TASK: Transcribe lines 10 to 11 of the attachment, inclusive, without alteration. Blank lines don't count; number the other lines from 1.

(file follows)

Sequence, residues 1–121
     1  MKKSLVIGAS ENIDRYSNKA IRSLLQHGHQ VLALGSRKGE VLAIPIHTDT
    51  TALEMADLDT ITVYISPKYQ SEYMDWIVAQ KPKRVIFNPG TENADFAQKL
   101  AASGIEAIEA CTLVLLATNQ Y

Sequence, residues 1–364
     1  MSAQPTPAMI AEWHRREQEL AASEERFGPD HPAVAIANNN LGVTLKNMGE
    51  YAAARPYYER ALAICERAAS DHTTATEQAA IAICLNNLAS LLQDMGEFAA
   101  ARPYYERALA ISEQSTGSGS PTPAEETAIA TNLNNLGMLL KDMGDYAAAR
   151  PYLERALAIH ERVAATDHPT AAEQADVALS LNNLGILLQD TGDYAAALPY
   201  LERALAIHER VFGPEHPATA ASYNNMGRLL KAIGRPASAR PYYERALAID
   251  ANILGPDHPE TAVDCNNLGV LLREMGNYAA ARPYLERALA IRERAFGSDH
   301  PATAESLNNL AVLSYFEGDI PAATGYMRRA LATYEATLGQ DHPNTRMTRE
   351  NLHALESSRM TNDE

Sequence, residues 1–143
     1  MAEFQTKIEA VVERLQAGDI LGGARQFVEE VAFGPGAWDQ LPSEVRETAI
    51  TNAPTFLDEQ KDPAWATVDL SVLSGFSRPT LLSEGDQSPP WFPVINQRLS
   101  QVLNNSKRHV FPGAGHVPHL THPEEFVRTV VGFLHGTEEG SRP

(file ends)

   201  LERALAIHER VFGPEHPATA ASYNNMGRLL KAIGRPASAR PYYERALAID
   251  ANILGPDHPE TAVDCNNLGV LLREMGNYAA ARPYLERALA IRERAFGSDH